The Venice Biennale is often described the Olympics of contemporary art, being the oldest and most prestigious art exhibition on the planet.
More than 80 countries are represented with 120 exhibitions, and amongst the world's elite this year is Māori artist Lisa Reihana.
She told Three's The Hui, "To be in this place amongst the best of the best, I'd say it's the pinnacle of my career."
The Venice Biennale is the only exhibition in the world where the artist represents their country. New Zealand commissioner for exhibition Alastair Carruthers says the selection of Reihana's work exhibition Lisa Reihana: Emissaries, which includes the centrepiece 'In Pursuit of Venus [Infected]', was "richly deserved".
This is the eighth time New Zealand has sent an artist across to the Venice Biennale but this is the first time the New Zealand Pavilion has been located in the official building of the Biennale, the Arsenale.
'In Pursuit of Venus [Infected]' spans across a 25m wall, and tells the story of Captain Cook's encounters with the people of the Pacific.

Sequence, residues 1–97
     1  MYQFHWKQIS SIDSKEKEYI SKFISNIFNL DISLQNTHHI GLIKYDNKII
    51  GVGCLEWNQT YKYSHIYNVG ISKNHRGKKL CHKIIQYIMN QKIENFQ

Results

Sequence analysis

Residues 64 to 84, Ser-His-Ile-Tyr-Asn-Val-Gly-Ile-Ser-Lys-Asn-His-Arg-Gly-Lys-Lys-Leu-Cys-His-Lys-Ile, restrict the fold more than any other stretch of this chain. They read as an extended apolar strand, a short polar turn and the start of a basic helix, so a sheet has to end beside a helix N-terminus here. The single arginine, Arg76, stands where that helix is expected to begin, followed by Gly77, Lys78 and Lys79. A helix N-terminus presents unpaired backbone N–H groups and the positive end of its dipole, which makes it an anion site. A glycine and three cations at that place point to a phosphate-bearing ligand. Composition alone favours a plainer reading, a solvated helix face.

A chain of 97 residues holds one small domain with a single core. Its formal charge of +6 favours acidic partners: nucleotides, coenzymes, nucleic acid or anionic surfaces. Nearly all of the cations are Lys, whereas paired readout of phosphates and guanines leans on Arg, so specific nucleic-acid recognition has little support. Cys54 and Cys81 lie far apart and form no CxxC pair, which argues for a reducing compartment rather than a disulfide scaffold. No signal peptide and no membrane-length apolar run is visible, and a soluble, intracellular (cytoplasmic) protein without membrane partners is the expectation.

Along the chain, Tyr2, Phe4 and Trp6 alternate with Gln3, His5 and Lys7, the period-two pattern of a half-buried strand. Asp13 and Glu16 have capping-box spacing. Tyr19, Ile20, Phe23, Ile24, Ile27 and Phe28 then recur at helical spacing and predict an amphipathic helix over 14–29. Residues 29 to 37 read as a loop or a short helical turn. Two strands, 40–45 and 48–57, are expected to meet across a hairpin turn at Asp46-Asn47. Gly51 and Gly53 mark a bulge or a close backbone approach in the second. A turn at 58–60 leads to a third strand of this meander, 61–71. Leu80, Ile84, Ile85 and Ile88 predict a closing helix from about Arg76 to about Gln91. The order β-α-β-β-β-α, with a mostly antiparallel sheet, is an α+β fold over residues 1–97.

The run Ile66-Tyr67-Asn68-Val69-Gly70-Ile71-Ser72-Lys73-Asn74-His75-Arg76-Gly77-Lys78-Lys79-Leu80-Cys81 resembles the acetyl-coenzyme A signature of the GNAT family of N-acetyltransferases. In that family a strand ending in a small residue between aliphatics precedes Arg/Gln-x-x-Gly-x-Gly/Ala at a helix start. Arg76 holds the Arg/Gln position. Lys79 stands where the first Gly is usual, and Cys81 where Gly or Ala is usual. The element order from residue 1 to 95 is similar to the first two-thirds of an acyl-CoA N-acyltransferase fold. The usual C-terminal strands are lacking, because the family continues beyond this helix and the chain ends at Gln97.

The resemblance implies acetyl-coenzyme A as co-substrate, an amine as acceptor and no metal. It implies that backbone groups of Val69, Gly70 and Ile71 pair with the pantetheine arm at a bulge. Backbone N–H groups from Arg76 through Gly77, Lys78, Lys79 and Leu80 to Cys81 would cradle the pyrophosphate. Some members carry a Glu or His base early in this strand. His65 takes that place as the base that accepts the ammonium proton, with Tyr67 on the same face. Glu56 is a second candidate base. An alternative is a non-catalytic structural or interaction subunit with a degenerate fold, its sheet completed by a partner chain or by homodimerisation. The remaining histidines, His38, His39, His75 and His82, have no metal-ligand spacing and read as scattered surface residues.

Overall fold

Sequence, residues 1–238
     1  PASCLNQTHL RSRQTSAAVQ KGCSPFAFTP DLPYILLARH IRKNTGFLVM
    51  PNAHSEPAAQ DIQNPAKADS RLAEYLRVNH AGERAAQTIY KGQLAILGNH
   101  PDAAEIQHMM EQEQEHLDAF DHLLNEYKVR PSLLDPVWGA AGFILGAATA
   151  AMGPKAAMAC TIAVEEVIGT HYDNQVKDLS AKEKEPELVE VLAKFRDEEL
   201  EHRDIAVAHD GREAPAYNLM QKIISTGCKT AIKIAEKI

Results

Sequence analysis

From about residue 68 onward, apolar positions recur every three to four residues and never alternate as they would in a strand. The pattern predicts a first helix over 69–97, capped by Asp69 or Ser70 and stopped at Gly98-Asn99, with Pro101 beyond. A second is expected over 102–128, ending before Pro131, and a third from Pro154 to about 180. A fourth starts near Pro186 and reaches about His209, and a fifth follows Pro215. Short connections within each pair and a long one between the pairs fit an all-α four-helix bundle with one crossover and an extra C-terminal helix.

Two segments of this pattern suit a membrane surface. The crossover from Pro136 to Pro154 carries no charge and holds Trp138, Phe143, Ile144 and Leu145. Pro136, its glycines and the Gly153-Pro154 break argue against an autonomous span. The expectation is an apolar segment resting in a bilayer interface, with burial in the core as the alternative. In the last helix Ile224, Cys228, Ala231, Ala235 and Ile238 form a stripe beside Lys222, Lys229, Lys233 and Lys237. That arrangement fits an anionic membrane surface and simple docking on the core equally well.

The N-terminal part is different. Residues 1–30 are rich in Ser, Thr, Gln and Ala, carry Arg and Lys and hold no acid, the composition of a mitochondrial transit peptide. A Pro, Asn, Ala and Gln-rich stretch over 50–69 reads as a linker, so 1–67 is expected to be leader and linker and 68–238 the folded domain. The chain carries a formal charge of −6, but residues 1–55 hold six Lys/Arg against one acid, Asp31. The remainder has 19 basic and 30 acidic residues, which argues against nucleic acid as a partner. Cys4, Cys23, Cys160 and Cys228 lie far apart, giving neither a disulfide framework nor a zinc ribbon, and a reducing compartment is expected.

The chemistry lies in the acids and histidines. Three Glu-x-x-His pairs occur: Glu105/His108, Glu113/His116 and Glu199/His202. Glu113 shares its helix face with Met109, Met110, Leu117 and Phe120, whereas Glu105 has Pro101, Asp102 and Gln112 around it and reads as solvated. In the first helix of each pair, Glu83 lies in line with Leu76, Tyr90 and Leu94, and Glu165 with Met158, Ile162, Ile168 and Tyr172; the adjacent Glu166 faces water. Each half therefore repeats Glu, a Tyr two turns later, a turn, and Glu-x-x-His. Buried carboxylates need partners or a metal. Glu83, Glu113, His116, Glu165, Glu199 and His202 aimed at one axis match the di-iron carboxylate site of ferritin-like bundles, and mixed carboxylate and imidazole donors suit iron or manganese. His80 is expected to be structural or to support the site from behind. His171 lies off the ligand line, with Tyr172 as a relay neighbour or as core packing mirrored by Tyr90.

To create the piece, Reihana used the latest in digital and video technology. The characters were shot on green screens and then placed against a reworked historical wallpaper.
Reihana's masterpiece has taken more than eight years to complete. It debuted in Auckland in 2015 to record numbers at the Auckland Art Gallery, with 49,000 visitors viewing the video work. It's expected to generate the same hype in Venice, with more than half-a-million people coming through the Biennale over the next seven months.
Carruthers says presenting at the Venice Biennale will transport Reihana's career, and he has no doubt more international opportunities will come her way as a result.
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